Eye on the Arctic editor’s note: The Independent Barents Observer is part of the Eye on the Arctic circumpolar news partnership. The below story is an IBO report on the court proceedings launched to overturn the ban blocking IBO editor Thomas Nilsen from entering Russia.
Preliminary proceedings in the case were on Wednesday conducted by the local Meshchansky court in Moscow. On the same day, the case was forwarded to the Moscow City Court. The reason is that the documents which are planned applied by the FSB in the case include state secrets, 7×7-journal reports.
The Russian online news magazine had a journalist represented in Meshchansky court room as the decision was announced. Being banned from entering Russia, Nilsen himself was represented by lawyer Maks Olenitchev.
It is not clear exactly when the case will be handled by the Moscow City Court.
Thomas Nilsen took the FSB to court after he on 8th March this year was stopped at Borisoglebsk, the border checkpoint between Russia and Norway, and told that he was no longer wanted in Russia. The travel ban will last for five years, the FSB told the editor.
No explanation of the ban was given, only that Nilsen represented a «threat against Russian national security». It soon became clear that Nilsen had been put on Russia’s so-called stop lists of unwanted individuals as a response to the EU’s and Norway’s list of sanctioned individuals from Russia.
In a comment, lawyer Ivan Pavlov makes clear that the upcoming case proceedings in the Moscow City Court will include more FSB secrecies.
«I have in previous cases experienced this kind of processes, and in the following we can expect that the representatives of the special service will try to reject to make public the text of the very decision [to ban Nilsen entry] with reference to some kind of normative acts which subsequently also will be classified».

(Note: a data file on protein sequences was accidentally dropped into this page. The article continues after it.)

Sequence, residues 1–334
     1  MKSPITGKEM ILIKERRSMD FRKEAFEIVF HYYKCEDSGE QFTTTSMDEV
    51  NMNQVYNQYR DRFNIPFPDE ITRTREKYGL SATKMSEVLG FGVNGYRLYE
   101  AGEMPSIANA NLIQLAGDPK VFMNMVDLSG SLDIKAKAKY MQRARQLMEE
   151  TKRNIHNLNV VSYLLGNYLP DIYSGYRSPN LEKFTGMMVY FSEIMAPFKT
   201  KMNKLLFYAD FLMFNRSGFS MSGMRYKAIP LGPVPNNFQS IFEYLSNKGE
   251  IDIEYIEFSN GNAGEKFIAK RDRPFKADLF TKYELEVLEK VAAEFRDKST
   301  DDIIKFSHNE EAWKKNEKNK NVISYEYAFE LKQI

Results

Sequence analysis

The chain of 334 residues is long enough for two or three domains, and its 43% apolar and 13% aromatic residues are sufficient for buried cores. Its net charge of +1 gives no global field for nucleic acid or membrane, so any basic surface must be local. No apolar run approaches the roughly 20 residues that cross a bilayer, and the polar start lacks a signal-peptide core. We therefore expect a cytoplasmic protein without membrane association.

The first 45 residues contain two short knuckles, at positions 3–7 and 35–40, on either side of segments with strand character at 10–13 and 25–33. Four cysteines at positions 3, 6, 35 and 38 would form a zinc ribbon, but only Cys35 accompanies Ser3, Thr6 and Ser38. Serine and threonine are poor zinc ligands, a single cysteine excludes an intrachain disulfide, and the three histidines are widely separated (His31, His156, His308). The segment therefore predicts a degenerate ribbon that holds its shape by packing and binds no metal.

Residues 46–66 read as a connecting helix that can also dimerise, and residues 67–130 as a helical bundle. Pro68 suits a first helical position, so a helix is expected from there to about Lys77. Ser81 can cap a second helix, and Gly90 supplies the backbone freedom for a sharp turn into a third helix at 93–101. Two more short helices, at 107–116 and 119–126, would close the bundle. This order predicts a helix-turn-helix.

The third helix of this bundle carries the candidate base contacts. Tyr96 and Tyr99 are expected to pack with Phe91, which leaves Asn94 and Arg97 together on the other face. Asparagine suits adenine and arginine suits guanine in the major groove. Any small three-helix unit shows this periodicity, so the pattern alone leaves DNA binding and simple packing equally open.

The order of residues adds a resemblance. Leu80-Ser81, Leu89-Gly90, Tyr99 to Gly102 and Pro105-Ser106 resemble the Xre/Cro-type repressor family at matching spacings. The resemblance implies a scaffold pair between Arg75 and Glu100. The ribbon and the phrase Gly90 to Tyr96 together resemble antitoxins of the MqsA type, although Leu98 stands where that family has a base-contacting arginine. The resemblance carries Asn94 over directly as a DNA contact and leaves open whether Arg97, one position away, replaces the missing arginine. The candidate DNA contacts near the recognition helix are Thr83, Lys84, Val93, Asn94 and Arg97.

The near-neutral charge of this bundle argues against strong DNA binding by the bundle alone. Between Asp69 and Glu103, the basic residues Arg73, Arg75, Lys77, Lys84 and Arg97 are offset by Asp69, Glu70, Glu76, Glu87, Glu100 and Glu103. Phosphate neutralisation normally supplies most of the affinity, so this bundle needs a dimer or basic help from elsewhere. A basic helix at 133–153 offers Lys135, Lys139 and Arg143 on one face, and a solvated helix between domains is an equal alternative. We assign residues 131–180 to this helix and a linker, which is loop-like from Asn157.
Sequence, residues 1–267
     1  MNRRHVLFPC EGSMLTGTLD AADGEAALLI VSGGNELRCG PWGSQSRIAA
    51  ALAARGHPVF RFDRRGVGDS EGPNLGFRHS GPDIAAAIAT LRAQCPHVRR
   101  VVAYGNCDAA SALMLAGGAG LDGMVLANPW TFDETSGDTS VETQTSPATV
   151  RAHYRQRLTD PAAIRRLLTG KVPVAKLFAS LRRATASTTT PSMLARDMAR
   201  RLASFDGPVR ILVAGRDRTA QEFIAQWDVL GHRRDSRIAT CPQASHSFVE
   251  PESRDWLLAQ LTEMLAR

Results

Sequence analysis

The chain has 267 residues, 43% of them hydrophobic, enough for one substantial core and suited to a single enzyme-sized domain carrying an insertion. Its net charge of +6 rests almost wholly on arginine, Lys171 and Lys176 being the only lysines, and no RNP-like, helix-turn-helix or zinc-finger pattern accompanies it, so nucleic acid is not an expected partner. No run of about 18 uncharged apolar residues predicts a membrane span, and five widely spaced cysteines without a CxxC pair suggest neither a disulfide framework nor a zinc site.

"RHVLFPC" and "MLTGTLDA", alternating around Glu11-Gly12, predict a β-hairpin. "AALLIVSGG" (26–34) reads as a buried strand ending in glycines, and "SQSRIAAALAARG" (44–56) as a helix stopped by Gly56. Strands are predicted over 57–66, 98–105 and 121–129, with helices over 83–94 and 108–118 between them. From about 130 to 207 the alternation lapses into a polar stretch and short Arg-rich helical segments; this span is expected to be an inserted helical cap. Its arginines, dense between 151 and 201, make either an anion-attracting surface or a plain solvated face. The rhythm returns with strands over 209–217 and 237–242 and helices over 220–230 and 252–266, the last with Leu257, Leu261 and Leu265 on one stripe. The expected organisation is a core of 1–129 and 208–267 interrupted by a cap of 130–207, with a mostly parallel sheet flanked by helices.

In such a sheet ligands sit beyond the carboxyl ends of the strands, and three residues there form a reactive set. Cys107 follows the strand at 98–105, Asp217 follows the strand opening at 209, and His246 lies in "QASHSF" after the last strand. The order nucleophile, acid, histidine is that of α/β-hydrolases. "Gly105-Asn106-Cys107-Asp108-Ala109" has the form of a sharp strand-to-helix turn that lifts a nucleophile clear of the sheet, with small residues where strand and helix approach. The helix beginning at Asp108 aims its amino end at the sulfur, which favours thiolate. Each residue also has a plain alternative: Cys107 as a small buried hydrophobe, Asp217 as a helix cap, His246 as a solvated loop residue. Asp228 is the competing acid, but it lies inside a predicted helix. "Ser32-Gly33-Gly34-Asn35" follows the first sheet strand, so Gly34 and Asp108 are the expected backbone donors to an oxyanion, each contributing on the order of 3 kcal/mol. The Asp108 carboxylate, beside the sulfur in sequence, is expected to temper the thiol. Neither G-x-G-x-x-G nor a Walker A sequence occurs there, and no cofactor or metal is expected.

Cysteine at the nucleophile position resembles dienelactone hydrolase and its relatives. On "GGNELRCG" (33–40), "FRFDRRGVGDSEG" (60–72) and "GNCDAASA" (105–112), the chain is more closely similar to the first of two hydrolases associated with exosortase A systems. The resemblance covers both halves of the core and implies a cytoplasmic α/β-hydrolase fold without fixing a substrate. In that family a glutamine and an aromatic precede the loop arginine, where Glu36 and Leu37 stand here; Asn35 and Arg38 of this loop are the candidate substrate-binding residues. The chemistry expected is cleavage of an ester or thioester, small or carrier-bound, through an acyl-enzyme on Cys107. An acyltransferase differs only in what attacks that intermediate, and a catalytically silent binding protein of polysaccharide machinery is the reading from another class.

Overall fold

«We will do our best to not let them continue with these absurdities […]», the lawyer writes on his Facebook page.
Pavlov is one of the lawyers representing Nilsen in the case. On board is also a team of several more lawyers from Team29, the group of human rights law experts. The team argues that the FSB’s travel ban is illegal because it contradicts with the Russian Constitution and is not based on the decision of a competent body.
Nilsen’s case against the FSB was initially to be handled by the City Court of Petrozavodsk, Republic of Karelia, in the city which houses the regional branch of the FSB Border Guards. However, the Petrozavodsk court did not agree to take the case. The case was subsequently tried for the local Pechenga court in Zapolyarny, the border town near the Norwegian border, where the judge declined to acknowledge the illegal character of the expulsion.
In a comment, Thomas Nilsen says he is glad that the case will be coming up in the Moscow court.
«But what I first of all would have liked to do is to go to Russia and the northern city of Arkhangelsk, where the Barents Euro-Arctic Council meeting takes place this week».
Related stories from around the North:
Canada: Canada’s foreign affairs minister looks to thaw relations with Russia at Arctic summit, Radio Canada International
Finland: Norway and Sweden surpass Finland in 2017 press freedom rankings, Yle News
Norway: Norwegian editor banned from Russia takes FSB to court, The Independent Barents Observer
Russia: Norway’s selective approach for cooperation is not tenable : Russia’s Oslo Embassy, The Independent Barents Observer
Sweden: Rural citizen journalism and fake news in the spotlight in North Sweden, Radio Sweden
United States: Alaska’s Arctic policy adviser falls victim to fake news — in Russia, Alaska Dispatch News